Explanation-For the purposes of this clause, a land shall be deemed to be a waste land notwithstanding the existence thereon of scattered trees or shrubs;
The Forest Tribunal in this case held, inter alia, in its order as follows:- "The entire property in O.A. 39/79 (26.90 hectares corresponding to 66.50 acres) admittedly contains eucalyptus 447 trees raised by the petitioner as also cardamom plants here and there. The Superintendent in charge of the petitioner estate had deposed to that effect. The Range officer examined as R.W. 1 has stated that the disputed land on O.A. 39/79 lie in two bits and in both the bits there are eucalyptus trees raised by the petitioner, that they are aged between 12 to 15 years and are having a height of about 30 ft. It is also stated by him that at present there are cardamom plants but they are raised after 1971." The Tribunal went on to record as follows:
"But, the respondents have conceded that those trees are not of natural growth but they have been grown there with human skill, expenses and labour.
That these trees are planted for purposes of fuel necessary for the manufacture of tea also admits of no doubt." The tribunal concluded by stating:- "The question whether eucalyptus plantations raised in a tea estate would be a forest or not has no bearing to the extent of the cultivation.
It should be remembered that eucalyptus trees were raised in the instant case not for raising a forest but for supply of fuel necessary for the manufacture of tea. Hence I have no hesitation to come to the conclusion that the areas planted with eucalyptus trees in a tea estate do not form part of a vested forest or a private forest and therefore it is excluded from the purview of Act 26/71. In other words, the entire lands involved in O.A. 39/79 and 20 acres out of the property shown as item 1 in O.A. 146/78 which are eucalyptus plantations are not private forest and they have not vested in the Government." On this basis, the High Court came to conclusion that the Tribunal was right. The High Court in its order observed:- "The question whether forest lands planted with eucalyptus by employing agricultural operations would be forest was considered by this court in the decision of a Division Bench reported in State of Kerala v.
Anglo American Direct Tea Trading Co. Ltd.,  KLT 215. The same question was considered over again by a Full Bench 448 of this Court in the decision reported in State of Kerala.v. A Moosa Haji,  KLT 494. In the former decision, it was held:- "As we have indicated in the absence of a definition of the term 'forest' in Act 26 of 1971 we should take notice of the general meaning of the term as used in common parlance. Whether one would understand a eucalyptus plantation within a Tea estate or adjoining a Tea estate as forest in common parlance would necessarily be the test.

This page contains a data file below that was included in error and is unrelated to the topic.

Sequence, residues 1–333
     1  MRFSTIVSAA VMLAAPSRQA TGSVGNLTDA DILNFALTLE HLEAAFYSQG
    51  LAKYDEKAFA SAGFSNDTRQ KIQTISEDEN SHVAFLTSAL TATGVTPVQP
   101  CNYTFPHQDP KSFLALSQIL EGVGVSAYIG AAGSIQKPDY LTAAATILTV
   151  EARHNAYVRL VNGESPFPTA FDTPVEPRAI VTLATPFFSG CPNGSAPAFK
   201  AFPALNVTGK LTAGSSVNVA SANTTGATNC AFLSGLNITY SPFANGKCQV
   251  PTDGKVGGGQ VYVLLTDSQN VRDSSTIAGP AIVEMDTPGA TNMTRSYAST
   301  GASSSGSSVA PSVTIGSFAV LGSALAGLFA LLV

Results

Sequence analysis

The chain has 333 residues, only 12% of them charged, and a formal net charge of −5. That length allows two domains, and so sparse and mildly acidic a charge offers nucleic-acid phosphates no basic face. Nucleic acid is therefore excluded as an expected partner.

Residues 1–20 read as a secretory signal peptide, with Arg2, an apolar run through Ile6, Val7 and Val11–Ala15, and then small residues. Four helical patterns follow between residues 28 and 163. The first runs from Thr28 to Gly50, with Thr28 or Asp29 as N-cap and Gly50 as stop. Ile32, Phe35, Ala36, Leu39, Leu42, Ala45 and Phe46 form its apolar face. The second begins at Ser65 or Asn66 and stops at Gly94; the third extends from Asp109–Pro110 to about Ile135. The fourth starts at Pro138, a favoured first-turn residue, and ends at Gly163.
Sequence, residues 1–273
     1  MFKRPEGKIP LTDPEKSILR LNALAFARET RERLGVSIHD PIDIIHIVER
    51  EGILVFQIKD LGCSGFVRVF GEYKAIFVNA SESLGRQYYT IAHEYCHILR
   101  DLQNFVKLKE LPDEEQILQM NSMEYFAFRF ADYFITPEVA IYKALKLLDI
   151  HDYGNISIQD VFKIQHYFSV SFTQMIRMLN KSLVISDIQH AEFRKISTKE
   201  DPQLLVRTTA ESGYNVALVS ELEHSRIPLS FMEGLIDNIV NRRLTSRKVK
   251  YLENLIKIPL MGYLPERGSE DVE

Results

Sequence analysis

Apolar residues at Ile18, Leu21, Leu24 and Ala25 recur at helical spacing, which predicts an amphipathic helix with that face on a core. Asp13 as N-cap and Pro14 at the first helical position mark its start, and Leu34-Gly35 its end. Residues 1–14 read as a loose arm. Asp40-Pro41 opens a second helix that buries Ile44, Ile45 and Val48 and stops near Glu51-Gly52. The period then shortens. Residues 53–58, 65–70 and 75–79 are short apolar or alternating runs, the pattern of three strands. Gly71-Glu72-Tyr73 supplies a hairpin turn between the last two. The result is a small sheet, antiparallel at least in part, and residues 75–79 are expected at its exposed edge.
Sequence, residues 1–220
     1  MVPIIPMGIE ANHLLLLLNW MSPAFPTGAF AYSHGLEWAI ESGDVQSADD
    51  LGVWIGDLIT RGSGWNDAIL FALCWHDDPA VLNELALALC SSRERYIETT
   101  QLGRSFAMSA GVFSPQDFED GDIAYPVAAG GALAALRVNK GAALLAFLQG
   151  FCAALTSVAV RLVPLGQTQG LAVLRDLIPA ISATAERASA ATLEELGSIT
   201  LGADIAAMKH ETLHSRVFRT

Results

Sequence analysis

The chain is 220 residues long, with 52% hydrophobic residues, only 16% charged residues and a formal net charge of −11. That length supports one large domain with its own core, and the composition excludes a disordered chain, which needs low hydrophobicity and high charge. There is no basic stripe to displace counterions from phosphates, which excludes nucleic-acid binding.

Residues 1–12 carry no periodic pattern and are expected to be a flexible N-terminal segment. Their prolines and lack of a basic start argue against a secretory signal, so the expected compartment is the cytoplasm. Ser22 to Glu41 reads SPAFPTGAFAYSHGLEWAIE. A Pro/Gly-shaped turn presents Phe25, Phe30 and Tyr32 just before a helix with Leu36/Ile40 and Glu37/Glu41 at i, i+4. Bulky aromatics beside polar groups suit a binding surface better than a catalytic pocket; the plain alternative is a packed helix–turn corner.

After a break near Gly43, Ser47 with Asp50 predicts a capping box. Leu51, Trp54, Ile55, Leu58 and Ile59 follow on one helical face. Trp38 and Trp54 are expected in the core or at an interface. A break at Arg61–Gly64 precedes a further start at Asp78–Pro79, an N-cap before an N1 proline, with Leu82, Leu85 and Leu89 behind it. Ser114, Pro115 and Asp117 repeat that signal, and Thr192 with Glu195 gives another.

This calls for consideration of the scope of the term 'forest" In the contest in which the term "Private forests" has been used in Act 26 of 1971, it is evident that it ap plies to lands other than those on which human skill, labour and resources have been spent for agricultural operations.
In the light of what we have adverted to we do not think that the State has succeeded in establishing that the land in which eucalyptus has been planted in the Tea plantations could be said to be forest land and if so we should agree with the decision of the Forest Tribunal that it would be outside the purview of the vesting provisions in Act 26 of 197 1. " We are of the opinion that in view of the Finding recorded by the Tribunal, the decision and judgment of the High Court cannot be impugned. It is instructive that in respect of proceedings initiated under the Land Reforms Act, this Court in Malankara Rubber and Product Co. & Ors. etc.
v. State of Kerala & Ors. etc.,  1 SCR 399 observed at page 426 as follows:- "Lands under eucalyptus or teak which are the result of agricultural operations normally would be agricultural lands. They would certainly not be forests but the statements in the petitions seem to suggest that operations were carried hereon for the express purpose of growing these plants and trees. However, lands which are covered by eucalyptus or teak growing spontaneously as in a jungle or a forest, would be outside the purview of acquisition." 449 It is true as noted above that this observation was made in the context A of Land Reforms Act but it was held that lands on which eucalyptus or teak are planted would be agricultural lands. In this case it has been found as noted before that eucalyptus trees in the area concerned under dispute were raised in the instant case not for a forest but for supply of fuel necessary for the manufacture of tea, which is the industry carried on by the respondent company.
In view of the aforesaid facts and in the light of provisions of the Act 26 of 1971, we are of the opinion that the view of the High Court is right in the facts and circumstances of this case and as such calls for no interference. The application is accordingly dismissed with no order as to costs.
We had in this matter advantage of the assistance of Shri Vishwanath Iyer, counsel for the petitioners and Shri Soli Sorabji, counsel for the respondent.
N.P.V. Petition dismissed.